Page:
In Virginia, August is Breastfeeding Awareness Month.
Breast milk is the only food that infants need for the first six months of life. It gives them all the nutrition they need along with important protection against diseases. Breastfeeding also benefits the mother by helping to decrease the risk of diseases, including breast and ovarian cancer.
Babies who are breastfed get sick less often. For moms, that means less time missed from work.
This year, the theme of World Breastfeeding Week – the first week of August – is “Making a Difference for Working Parents.” Challenges at work can mean that women never breastfeed or stop breastfeeding earlier than is recommended, according to the U.S. Breastfeeding Committee. Women with less than 3 months of maternity leave also reported that they stopped breastfeeding earlier than women with 3 or more months of leave.
The Virginia Pregnant Workers Fairness Act, passed in 2020, requires employers to make reasonable accommodations for lactating workers, including more frequent breaks to express breast milk and access to a private area for that purpose.
Mothers have been allowed by law to breastfeed in public in Virginia since 2015. A law passed in 2014 required school boards to adopt policies that provide breaks for workers and students and a private place to express breast milk to feed a child until the child reaches the age of one.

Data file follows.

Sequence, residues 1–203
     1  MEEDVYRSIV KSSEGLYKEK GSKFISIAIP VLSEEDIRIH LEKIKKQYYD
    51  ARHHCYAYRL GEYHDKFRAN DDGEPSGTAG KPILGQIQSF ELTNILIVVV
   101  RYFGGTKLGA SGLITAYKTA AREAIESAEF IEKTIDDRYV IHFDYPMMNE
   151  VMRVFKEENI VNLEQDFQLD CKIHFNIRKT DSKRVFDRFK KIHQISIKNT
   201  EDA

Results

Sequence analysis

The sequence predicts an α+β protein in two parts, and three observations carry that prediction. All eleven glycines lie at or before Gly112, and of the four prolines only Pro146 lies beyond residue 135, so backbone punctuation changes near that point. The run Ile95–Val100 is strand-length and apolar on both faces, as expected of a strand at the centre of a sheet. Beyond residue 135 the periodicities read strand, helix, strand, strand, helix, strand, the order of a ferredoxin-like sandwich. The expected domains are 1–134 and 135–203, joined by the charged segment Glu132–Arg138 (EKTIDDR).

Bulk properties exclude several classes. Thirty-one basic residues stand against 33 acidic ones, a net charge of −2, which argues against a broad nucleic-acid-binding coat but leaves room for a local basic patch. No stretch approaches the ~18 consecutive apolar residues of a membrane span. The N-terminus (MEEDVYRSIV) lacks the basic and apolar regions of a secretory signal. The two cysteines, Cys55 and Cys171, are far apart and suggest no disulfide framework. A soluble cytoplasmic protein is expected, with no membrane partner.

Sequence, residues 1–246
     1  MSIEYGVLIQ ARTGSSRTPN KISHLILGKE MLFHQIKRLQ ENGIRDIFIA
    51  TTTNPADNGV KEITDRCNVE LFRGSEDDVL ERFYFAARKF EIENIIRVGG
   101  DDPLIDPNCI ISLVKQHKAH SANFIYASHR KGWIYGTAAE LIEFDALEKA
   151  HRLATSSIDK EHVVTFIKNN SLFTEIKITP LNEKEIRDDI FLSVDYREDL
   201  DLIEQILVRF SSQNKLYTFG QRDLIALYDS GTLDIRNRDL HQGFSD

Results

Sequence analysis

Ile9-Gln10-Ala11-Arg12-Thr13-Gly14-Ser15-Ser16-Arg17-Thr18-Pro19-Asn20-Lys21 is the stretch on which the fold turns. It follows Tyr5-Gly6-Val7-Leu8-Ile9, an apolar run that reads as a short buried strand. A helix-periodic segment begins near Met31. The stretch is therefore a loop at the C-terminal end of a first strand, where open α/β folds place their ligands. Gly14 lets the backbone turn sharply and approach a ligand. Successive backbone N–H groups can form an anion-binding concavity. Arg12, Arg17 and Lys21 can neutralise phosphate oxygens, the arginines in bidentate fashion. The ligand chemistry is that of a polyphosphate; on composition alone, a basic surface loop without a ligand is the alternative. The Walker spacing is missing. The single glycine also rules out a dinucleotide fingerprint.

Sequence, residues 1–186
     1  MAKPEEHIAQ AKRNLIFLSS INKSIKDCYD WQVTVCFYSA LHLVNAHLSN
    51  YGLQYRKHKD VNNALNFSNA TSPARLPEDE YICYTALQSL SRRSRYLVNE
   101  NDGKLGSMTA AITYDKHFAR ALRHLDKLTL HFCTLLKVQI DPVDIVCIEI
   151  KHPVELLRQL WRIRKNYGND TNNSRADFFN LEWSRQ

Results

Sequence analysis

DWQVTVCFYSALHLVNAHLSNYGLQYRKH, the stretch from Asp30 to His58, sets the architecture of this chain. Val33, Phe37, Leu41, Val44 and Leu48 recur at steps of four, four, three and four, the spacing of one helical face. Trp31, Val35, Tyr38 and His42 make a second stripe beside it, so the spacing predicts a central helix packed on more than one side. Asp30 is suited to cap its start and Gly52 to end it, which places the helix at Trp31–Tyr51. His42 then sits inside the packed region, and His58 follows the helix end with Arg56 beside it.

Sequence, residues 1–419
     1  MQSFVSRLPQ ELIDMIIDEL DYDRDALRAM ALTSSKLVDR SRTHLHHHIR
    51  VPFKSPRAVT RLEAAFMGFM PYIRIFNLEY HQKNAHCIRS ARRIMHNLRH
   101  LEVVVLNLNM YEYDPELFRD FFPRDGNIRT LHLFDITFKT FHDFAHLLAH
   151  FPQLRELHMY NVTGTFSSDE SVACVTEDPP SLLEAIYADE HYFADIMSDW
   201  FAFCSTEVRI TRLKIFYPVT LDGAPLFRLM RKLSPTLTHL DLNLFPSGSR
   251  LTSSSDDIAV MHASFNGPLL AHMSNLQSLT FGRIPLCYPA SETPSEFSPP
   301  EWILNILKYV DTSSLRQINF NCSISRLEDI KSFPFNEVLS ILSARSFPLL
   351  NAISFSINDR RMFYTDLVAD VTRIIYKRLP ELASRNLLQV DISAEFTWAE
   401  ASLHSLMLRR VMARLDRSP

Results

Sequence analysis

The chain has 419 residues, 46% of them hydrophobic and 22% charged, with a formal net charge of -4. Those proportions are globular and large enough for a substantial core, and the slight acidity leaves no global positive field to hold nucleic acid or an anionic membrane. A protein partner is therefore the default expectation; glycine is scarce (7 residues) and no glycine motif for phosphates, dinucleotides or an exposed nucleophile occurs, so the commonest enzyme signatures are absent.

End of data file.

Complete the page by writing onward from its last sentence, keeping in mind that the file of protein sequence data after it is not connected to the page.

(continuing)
Federal funds are helping to make a difference in Virginia by supporting programs that help improve maternal and infant health, including support for breastfeeding. Federal funds also have helped to track the progress of the programs, conduct research and provide education.
Some of the programs include The Centers for Disease Control and Prevention Hospitals Promoting Breastfeeding program, The Title V Maternal and Child Health (MCH) Block Grant, the Healthy Start program, The Healthy Start Doula Supplement, and the Maternal, Infant, and Early Childhood Home Visiting (MIECHV) program.
To learn more, visit the following websites: